Anyone in the tech/PR/digital space has heard the term “big data” in meetings, in casual office conversations and probably online in articles and blogs. I am not fond of the term “big data.” What exactly do people mean by “big data”? According to IBM, every day we create 2.5 quintilen bytes of data – so much that 90% of the data in the world today has been created in the last two years alone. (source: IBM)
When you do a Google search, the results you get are different than every other person, right? That’s because Google collects data on you and what you search on and what you do on the Internet to custom tailor the results just for you. We like that, right? Would we stop using Google if we knew how much data they had on us? No.
How do companies make sense of all the data they collect? Knowing people are talking about their brand isn’t enough. Knowing people who like their brand also like x isn’t the most helpful either. It takes a pretty creative strategy to slice the data in a way that actually means something.
So what do we do with all this data? That is where people are having problems. We share more information about our lives and brands are hiring analytics firms to collect all of this information about us. Anyone shocked by this? I hope not. We know whatever we share on the internet is fair game. As a millennial, I have an internet profile going back to elementary school when I first joined America Online (now AOL)… I’m sure if you dig enough you can find some embarrassing stuff about me. But I am fine with putting information online because I want services to be customized for me so I get a better experience. I want me to be the focus. Hear that: individualize your service or product to me!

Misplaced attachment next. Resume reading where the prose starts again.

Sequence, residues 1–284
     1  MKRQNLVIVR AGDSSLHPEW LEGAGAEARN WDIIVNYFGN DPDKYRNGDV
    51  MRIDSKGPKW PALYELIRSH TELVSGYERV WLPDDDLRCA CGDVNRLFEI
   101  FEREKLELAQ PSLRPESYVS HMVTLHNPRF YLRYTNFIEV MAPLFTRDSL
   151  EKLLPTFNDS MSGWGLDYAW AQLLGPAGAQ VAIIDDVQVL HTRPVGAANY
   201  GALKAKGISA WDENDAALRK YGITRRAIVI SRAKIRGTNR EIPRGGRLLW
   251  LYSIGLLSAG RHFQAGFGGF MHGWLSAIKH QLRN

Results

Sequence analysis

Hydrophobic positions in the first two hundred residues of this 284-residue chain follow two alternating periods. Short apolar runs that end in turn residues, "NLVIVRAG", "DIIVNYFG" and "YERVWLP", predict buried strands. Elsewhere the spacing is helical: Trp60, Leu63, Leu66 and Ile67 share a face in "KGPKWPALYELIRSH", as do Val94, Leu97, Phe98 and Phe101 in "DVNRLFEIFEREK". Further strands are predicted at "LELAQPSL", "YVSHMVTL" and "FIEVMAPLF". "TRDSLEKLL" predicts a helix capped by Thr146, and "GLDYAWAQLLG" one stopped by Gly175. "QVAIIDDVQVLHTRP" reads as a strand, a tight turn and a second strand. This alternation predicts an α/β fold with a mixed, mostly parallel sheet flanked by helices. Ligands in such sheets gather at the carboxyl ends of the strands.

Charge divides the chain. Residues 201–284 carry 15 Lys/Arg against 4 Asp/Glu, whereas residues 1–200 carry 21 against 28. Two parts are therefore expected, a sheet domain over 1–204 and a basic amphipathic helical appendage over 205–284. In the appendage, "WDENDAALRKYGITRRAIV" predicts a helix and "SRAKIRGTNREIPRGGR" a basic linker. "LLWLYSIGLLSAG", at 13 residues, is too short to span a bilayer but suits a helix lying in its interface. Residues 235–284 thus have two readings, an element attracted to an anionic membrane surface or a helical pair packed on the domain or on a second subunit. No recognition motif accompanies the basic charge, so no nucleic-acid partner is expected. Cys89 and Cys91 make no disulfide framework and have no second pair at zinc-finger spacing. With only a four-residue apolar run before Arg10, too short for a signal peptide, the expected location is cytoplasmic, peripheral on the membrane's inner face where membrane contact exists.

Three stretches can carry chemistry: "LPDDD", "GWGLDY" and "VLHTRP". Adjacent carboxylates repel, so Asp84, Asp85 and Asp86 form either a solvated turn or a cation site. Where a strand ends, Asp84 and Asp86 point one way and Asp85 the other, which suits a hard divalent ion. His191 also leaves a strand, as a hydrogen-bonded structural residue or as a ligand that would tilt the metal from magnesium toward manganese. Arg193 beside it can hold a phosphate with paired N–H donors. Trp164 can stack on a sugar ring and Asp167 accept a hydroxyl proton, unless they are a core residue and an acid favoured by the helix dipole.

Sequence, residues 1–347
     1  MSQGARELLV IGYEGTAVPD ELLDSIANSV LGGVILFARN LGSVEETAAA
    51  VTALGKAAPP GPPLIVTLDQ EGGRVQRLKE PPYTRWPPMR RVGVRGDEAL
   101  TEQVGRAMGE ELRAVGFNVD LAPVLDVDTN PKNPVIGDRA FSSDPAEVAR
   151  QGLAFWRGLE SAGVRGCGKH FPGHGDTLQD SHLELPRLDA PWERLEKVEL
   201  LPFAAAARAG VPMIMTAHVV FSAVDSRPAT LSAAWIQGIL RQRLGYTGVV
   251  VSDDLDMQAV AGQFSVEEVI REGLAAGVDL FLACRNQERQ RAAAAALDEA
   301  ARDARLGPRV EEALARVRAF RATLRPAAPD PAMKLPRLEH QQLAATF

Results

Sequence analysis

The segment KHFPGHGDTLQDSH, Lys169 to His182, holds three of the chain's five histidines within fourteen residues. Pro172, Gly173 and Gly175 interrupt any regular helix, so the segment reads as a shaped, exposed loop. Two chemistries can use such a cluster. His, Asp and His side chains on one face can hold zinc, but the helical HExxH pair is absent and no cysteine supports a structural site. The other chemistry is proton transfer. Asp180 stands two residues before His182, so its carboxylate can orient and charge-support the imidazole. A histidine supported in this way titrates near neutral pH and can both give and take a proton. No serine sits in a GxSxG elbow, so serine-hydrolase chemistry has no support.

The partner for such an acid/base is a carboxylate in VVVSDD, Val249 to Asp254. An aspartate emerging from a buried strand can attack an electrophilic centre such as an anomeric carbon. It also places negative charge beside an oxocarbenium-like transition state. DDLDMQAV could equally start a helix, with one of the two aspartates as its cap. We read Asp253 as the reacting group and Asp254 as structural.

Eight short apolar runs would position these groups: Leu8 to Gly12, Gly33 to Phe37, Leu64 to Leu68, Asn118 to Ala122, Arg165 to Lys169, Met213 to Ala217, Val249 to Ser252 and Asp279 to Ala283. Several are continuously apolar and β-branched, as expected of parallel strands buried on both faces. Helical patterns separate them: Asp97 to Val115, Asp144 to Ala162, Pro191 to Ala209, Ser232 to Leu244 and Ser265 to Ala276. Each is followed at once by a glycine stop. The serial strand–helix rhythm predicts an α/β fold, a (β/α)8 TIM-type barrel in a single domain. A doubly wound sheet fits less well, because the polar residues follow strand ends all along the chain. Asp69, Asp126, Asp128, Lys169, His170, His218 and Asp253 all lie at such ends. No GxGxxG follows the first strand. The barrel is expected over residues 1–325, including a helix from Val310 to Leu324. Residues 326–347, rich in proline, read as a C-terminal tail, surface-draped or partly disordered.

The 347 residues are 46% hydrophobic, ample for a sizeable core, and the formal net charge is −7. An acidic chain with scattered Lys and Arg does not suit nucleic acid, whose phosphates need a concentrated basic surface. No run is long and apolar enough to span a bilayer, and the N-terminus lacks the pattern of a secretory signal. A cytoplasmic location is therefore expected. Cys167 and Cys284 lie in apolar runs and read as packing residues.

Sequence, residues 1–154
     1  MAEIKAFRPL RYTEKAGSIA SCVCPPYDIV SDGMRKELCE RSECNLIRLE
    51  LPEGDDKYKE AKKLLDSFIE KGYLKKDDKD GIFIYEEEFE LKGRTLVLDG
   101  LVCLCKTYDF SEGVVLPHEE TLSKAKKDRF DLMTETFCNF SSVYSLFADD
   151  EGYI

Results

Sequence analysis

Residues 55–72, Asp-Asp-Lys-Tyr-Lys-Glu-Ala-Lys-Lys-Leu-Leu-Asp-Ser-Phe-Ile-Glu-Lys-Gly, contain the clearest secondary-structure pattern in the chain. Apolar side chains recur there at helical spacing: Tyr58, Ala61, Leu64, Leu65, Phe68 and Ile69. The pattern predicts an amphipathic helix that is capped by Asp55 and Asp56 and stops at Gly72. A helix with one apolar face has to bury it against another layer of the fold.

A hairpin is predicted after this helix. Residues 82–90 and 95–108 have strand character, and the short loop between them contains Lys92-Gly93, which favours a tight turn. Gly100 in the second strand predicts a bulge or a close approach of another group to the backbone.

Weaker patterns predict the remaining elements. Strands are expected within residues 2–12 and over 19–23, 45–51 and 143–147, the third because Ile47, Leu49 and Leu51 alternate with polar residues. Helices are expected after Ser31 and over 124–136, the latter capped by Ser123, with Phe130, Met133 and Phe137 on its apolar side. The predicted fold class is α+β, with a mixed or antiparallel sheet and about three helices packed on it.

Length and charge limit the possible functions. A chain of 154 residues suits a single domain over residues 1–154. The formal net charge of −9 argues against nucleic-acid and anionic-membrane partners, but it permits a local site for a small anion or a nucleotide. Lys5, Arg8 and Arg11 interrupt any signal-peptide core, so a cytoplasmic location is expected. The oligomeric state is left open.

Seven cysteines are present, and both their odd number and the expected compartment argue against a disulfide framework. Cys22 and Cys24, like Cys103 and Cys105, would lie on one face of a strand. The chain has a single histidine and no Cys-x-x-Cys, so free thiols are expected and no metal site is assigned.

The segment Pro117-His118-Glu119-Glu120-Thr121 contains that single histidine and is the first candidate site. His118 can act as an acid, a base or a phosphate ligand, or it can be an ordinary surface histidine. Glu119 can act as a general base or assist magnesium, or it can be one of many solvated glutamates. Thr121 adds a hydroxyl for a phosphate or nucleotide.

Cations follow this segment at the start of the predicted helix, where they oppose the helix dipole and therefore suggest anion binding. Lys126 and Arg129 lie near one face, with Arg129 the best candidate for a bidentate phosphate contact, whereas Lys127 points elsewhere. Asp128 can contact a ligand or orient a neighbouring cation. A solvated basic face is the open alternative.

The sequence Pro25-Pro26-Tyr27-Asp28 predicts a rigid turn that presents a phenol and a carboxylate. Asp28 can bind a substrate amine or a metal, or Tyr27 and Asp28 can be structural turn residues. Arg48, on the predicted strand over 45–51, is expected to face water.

We accept the fact that people are collecting the data we share. We accept the fact that what we put on the internet is fair game. But we are not giving all these insights about us for nothing. Instead, we expect companies to collect this data on us, share with us, in plain english, what they now know about us and we expect them to better their service with the insights they have collected.
So who cares? Besides privacy concerns why should a PR or communication person care? Because this is going to be a big part of the future of our industry. The demand for analytics folks is going to skyrocket, people who can sift through the data and slice it in a way that asks the right questions and makes it relevant to a company. There are some brilliant folks at Crimson Hexagon, NMIncite, (and I’m sure plenty of other companies) who are geniuses at doing just that.
This is where I’m leaning. I feel like the analytics game is so fascinating and so important. I love being on the consumer side of this but I want to be on the other side. Thoughts?